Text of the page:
More fallout is coming to Morgan Wallen after the 27-year-old country singer was caught on video using the N-word and other inappropriate language as he arrived home after a night out with his friends.

The clip, obtained by TMZ, shows what appears to be Wallen walking to his place and telling someone to “take care of” this “p***y a** motherf**ker… Take care of this p***y a** n*****.”

Wallen subsequently issued an apology.

“I’m embarrassed and sorry. I used an unacceptable and inappropriate racial slur that I wish I could take back,” Wallen said in a statement given to ET. “There are no excuses to use this type of language, ever. I want to sincerely apologize for using the word. I promise to do better.”

However, following the apology, Big Loud Records confirmed they’d be suspending Wallen’s record contract indefinitely.

The Academy of Country Music then announced via social media that Wallen’s “potential involvement and eligibility” in the upcoming ACM Awards had been “halted,” and had informed his management of the decision.

“The Academy does not condone or support intolerance of behavior that doesn’t align with our commitment and dedication to diversity and inclusion,” the Academy said in its statement.

Country singer Mickey Guyton had previously taken to Twitter to call Wallen out.

“This is not his first time using that ‘unacceptable’ racial slur and we all known that. So what exactly are y’all going to do about it. Crickets won’t work this time,” she tweeted. “How many passes will you continue to give? Asking for a friend. No one deserves to be canceled but this is unacceptable.”

“Promises to do better don’t mean sh*t,” she added.

Other country stars also spoke out against Wallen.

“It actually IS representative of our town because this isn’t his first ‘scuffle’ and he just demolished a huge streaming record last month regardless. We all know it wasn’t his first time using that word. We keep them rich and protected at all costs with no recourse,” Maren Morris tweeted.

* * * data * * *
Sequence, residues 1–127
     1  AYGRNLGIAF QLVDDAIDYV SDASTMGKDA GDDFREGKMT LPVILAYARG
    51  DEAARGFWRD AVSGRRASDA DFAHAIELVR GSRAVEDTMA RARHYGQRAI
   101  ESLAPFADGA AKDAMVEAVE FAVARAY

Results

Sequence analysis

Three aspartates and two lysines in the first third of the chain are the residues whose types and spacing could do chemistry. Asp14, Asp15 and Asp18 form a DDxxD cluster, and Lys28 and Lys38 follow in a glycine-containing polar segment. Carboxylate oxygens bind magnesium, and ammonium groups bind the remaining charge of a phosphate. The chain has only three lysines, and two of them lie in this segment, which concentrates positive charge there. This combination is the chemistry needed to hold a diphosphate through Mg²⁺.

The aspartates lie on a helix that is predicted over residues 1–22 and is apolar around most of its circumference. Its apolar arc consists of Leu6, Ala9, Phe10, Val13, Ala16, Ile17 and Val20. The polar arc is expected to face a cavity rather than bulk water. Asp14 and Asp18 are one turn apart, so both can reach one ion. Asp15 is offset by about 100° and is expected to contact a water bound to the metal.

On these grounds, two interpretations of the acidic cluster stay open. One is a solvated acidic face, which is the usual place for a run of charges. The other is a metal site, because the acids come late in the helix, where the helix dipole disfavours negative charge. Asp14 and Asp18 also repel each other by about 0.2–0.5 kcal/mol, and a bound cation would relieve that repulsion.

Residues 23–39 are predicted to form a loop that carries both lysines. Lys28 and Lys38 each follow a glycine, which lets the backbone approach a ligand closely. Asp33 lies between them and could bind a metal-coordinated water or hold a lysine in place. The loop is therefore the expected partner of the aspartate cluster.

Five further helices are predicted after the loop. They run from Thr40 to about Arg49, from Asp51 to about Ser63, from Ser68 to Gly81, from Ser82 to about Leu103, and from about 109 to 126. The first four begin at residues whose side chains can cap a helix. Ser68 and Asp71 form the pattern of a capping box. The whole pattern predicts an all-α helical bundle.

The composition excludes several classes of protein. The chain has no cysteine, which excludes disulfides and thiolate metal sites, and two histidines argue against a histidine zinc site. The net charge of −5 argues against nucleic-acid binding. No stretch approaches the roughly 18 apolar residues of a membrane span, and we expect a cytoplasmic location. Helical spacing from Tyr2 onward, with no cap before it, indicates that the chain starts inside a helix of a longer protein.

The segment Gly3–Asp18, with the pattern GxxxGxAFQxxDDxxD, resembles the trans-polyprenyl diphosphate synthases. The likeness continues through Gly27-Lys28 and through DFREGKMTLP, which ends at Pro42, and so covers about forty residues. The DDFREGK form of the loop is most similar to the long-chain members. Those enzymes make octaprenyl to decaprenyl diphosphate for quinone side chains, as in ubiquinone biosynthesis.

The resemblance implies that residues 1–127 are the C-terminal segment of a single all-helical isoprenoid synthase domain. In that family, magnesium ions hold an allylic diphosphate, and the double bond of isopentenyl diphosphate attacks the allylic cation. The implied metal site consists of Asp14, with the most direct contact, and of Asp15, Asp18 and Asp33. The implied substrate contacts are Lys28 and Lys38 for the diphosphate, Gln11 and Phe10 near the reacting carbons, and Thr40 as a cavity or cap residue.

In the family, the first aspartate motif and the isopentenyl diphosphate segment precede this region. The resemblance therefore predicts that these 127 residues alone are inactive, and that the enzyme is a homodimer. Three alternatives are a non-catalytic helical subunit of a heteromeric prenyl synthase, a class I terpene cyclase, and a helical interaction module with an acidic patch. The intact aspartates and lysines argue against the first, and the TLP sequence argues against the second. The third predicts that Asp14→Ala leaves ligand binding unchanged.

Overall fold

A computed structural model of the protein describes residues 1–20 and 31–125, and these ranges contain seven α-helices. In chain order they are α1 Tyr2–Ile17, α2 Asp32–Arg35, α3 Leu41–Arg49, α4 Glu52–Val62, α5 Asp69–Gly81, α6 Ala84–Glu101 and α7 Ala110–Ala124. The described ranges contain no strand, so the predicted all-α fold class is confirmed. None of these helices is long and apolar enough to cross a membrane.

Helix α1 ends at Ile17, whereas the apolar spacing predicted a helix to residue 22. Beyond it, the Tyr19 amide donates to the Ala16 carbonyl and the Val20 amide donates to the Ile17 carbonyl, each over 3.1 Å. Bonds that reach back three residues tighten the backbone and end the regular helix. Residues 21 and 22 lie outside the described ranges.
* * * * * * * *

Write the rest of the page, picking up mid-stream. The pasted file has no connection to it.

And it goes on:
Kelsea Ballerini, meanwhile, commented on the different standard female country artists are held to.

After the video emerged, Variety reported that his music had been yanked from Cumulus Media, the second-biggest radio chain in the U.S.

Cumulus was said to have sent out a directive to the program directors of all of its 400-plus stations with the header “MORGAN WALLEN — EXTREMELY IMPORTANT.”

The message read: “Team, unfortunately country music star Morgan Wallen was captured on video Sunday evening using a racial slur. Effective immediately we request that all of Morgan Wallen’s music be removed from our playlists without exception. More to follow.”

The directive was signed by Brian Philips, EVP of programming for the chain, and John Dimick, the company’s head of programming operations.

A spokesperson for iHeartMedia then told ET: “In light of Morgan Wallen’s recent actions involving the use of a racial slur, we have made the decision to remove his music and content from our stations effective immediately.”

iHeartRadio has more than 850 radio stations across the U.S.

A CMT spokesperson added: “After learning of Morgan Wallen’s racial slur late last night, we are in the process of removing his appearances from all our platforms. We do not tolerate or condone words and actions that are in direct opposition to our core values that celebrate diversity, equity and inclusion.”

Corus radio has also made the decision to pull Wallen’s music. “We’ve suspended playing Morgan Wallen on our stations until further notice,” a Corus spokesperson told ET Canada.

This isn’t the first time that Wallen has made headlines. Back in October he was pulled from performing on “Saturday Night Live” after violating COVID-19 protocols by partying in a bar. Lorne Michael personally called him to invite him back on the show eight weeks later. During his Dec. 5 appearance, he poked fun at himself — with the help of Jason Bateman — for getting kicked off the show. Last May, he was also arrested for public intoxication.

ET spoke with Wallen last month at his first show in 10 months, where he touched on the hardships of fame and the attention he receives. When asked if his life feels like a non-stop machine, he told ET’s Rachel Smith, “sometimes,” describing that it’s the “obligations and things that you don’t really have control over anymore, you know?”

“And then just being under a microscope. I think I wrote [‘Livin’ the Dream’] before I really even understood completely what I meant,” he explained. “It was almost a prophecy in a way. I didn’t really understand fully what that song meant, but the longer that I got to do this and the more success I’ve had and things like that, there’s days where I wake up and I just want to get away… And I think that’s probably what that song says mostly.”

“But I’m not complaining,” he noted. “Like most days I wake up, I’m thrilled to be doing this, you know, and some days I’m not.”